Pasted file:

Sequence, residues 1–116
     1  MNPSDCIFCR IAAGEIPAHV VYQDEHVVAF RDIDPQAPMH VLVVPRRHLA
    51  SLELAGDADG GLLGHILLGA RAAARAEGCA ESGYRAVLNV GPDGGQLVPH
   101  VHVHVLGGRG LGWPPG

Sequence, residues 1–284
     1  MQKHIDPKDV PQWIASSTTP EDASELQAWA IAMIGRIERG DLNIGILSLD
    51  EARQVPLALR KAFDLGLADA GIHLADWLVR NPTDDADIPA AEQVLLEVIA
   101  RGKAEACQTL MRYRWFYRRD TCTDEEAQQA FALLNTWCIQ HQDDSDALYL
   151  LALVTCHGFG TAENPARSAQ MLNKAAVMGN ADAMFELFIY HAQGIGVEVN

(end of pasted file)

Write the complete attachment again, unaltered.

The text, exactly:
Sequence, residues 1–116
     1  MNPSDCIFCR IAAGEIPAHV VYQDEHVVAF RDIDPQAPMH VLVVPRRHLA
    51  SLELAGDADG GLLGHILLGA RAAARAEGCA ESGYRAVLNV GPDGGQLVPH
   101  VHVHVLGGRG LGWPPG

Sequence, residues 1–284
     1  MQKHIDPKDV PQWIASSTTP EDASELQAWA IAMIGRIERG DLNIGILSLD
    51  EARQVPLALR KAFDLGLADA GIHLADWLVR NPTDDADIPA AEQVLLEVIA
   101  RGKAEACQTL MRYRWFYRRD TCTDEEAQQA FALLNTWCIQ HQDDSDALYL
   151  LALVTCHGFG TAENPARSAQ MLNKAAVMGN ADAMFELFIY HAQGIGVEVN